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Monday, Mar 4, 2013
A newly available syllabus from a 1994 class taught by David Foster Wallace shows a great willingness to engage with mass-market fiction on a critical level.

Over at the head-dizzying emporium of good things known as Open Culture, Josh Jones recently dug up a marvelous example of syllabussing (aka, the art of creating a class syllabus; spectacular word) from the late David Foster Wallace. From 1993 to 2002, while becoming the nation’s go-to literary wunderkind, Wallace also taught at Illinois State University.


His syllabus for the Fall 1994 intro class “English 102-Literary Analysis: Prose Fiction” eschews the books we’re all used to from college English lit classes (Zora Neale Hurston, Gabriel Garcia Marquez) in favor of an eclectic mix of mass-market fiction, ranging from Stephen King’s Carrie to Jackie Collins’ Rock Star.


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Tuesday, Jan 8, 2013
The Oxford Dictionary of Reference and Allusion is a welcome addition to a dwindling reference book collection.

I was wondering recently if anyone still used actual, physical reference books when Oxford Press sent me the new paperback edition of the Oxford Dictionary of Reference & Allusion. I had no idea there was such a thing, but I love it! I’m always stumbling over some reference, either to some classical book I should have read in high school or some big deal movie character I never heard of. This dictionary totally answers that problem.


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Thursday, May 10, 2012
This kid in my class was only 11, but there was a sort of world-weariness about him. Life was tough. Where the Wild Things Are reminded him of his former innocence, even as it spoke to his inner fierceness.

Though I remember happily leafing through Chicken Soup with Rice as a kid, and I certainly owned my fair share of Where the Wild Things Are editions, my favorite Maurice Sendak memory is ultimately of someone else’s reading experience.


From an author’s perspective, I must have been a pretty easy conquest of a child—a natural bookworm who’d throw herself at anything with pages, an eager student. I was easy to engage. But the amazing thing about Sendak is that he got to the reluctant students, too—the ones who were angry about rules and their moms and the sorry state of the real world. At least, he spoke to one of my students like that.


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Tuesday, Aug 30, 2011
The years spent as a reporter painting the scene in Parisian cafes and on tuna fishing boats in Spain sharpened Ernest Hemingway's ability to carefully, confidently build a story.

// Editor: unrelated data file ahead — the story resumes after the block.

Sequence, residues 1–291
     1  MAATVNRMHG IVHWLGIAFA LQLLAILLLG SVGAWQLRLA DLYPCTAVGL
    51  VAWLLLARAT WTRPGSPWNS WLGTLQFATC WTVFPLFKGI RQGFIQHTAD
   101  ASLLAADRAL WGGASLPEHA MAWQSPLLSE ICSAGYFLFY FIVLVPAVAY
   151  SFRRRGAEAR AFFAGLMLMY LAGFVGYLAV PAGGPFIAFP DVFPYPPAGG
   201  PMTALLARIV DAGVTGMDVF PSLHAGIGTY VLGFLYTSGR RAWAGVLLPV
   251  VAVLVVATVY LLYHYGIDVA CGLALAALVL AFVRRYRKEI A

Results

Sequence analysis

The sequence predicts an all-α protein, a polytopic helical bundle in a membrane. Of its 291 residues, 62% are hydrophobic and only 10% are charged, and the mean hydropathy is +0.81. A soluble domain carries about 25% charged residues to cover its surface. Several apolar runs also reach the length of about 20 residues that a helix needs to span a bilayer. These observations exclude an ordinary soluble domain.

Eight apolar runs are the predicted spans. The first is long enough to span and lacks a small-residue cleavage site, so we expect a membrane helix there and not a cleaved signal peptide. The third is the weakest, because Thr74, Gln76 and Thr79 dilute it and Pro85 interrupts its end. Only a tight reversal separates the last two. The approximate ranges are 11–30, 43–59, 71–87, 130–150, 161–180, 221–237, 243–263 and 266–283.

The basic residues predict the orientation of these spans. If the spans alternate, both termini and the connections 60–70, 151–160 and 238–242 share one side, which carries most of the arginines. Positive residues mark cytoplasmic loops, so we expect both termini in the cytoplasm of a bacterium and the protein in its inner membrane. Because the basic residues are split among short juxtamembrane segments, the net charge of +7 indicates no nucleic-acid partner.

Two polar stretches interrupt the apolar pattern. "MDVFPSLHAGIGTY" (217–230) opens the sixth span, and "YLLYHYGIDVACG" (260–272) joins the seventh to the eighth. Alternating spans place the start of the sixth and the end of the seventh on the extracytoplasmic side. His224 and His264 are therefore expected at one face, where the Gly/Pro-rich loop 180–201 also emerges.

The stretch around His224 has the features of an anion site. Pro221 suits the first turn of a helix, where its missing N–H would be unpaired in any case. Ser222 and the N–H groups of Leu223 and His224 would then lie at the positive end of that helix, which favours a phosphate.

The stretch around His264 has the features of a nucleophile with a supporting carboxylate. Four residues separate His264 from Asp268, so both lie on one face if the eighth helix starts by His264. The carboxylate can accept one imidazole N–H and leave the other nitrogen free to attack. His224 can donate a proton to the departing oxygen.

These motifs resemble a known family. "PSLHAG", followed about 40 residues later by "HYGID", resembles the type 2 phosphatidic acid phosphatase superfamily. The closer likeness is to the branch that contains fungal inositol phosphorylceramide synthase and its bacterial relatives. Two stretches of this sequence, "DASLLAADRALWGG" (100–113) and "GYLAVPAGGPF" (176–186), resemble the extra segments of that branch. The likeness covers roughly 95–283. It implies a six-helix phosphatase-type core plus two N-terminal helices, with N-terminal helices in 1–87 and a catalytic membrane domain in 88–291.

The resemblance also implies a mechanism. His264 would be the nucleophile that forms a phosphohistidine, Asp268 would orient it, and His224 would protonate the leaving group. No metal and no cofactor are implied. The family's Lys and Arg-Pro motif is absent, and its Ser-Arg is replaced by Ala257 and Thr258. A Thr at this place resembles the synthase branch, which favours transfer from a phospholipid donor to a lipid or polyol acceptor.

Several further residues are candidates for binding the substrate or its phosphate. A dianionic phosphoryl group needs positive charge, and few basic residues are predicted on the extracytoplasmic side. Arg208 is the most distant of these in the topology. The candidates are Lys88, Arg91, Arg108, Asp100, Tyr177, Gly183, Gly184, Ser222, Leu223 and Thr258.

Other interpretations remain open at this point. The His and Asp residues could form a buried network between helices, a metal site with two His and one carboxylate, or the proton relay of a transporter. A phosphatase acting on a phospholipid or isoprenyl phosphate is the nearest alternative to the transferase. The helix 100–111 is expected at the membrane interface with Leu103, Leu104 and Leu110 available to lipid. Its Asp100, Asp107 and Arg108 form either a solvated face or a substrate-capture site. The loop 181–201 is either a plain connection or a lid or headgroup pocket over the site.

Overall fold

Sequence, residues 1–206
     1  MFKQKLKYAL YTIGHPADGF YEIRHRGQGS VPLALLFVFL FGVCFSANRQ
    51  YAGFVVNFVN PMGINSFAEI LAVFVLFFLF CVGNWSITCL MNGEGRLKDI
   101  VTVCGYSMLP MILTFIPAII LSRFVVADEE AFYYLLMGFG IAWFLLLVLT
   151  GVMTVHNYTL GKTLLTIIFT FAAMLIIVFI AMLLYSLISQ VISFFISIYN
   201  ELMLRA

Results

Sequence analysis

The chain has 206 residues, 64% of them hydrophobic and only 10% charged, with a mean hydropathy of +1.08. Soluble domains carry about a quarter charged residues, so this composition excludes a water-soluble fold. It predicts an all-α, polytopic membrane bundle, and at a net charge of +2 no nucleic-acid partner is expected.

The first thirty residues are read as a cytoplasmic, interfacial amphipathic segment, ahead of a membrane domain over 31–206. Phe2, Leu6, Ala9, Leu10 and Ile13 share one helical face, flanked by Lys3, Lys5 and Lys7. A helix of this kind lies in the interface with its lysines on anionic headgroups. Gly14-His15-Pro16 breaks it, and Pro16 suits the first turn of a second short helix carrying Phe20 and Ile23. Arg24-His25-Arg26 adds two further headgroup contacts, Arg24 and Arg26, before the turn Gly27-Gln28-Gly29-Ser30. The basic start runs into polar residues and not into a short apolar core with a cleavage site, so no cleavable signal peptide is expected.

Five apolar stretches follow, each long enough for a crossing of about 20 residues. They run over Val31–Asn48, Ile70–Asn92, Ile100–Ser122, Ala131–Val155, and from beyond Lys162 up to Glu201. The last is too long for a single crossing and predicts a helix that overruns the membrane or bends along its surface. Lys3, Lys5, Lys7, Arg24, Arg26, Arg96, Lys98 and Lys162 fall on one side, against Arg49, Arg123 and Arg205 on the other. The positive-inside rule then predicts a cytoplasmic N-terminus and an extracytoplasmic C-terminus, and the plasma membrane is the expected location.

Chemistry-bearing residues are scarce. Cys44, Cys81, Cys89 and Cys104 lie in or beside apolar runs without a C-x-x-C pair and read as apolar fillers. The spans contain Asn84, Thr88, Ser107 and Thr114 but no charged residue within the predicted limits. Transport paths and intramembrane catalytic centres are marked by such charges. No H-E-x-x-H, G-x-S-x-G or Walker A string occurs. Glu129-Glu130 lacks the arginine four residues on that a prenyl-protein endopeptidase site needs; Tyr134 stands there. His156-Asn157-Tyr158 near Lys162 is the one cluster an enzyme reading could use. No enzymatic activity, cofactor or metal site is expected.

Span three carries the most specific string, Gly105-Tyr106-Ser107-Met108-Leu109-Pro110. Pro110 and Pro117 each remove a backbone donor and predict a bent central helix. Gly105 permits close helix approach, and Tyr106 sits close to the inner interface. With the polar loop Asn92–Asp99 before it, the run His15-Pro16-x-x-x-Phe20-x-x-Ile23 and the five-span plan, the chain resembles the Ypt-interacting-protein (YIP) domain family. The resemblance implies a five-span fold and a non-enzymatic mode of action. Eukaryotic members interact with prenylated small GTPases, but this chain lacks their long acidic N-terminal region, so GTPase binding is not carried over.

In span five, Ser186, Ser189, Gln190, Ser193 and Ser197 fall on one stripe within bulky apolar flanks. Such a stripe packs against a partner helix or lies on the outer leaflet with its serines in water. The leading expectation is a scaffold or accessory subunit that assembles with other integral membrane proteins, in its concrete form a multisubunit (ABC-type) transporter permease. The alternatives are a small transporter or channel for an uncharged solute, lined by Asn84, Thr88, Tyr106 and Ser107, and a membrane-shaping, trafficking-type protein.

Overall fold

Between third class train rides and afternoons at the racetrack, Ernest Hemingway filed “Living on $1,000 a Year in Paris” with an editor at the Toronto Daily Star in 1922. After a stint as a cub reporter at the Kansas City Star—where he was inevitably “forced to write a simple declarative sentence,” he later explained— the young writer was offered a job at the Canadian paper in 1920. Hemingway then took on a correspondent role at their Paris office and moved to France after marrying Elizabeth “Hadley” Richardson.


In less than 600 words, Hemingway tallies in “Living on $1,000 a Year in Paris” the considerable lengths to which he and his wife could go with the Canadian or American dollar in France’s capital city at the time. It’s due to “prices not having advanced in proportion to” the dollar’s “increased value.” Meals are compared to the “best restaurants in America” in his piece, and the lodging is “comfortable.” These are indeed the spare declarative sentiments of a dry newspaper report, and it’s a bit short for what appears to be a meaty collection of nonfiction at Byliner.com, where “Living on $1,000…” was submitted for perusal in early July of this year. Part social network, part digital publisher, Byliner launched in June. It connects readers to writers, but also to other readers, who are free to browse the hub’s digital archives for worthwhile narratives as well as submit links to stories not already collected at the site.


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Thursday, Jun 9, 2011
Classic children's heroines Anne of Green Gables and Rebecca of Sunnybrook Farm share nearly the same story, but from two different points of view -- and it's those differences that turn out to be most interesting.

I’m on a course of children’s literature lately, and have just finished Kate Douglas Wiggin’s celebrated Rebecca of Sunnybrook Farm. Also New Chronicles of Rebecca, which tells additional stories within the timeframe of the original.


There I am, reading along, enjoying the new insights that emerge when you reread a childhood favourite… when it hits me: this all sounds familiar. Very familiar. To wit:


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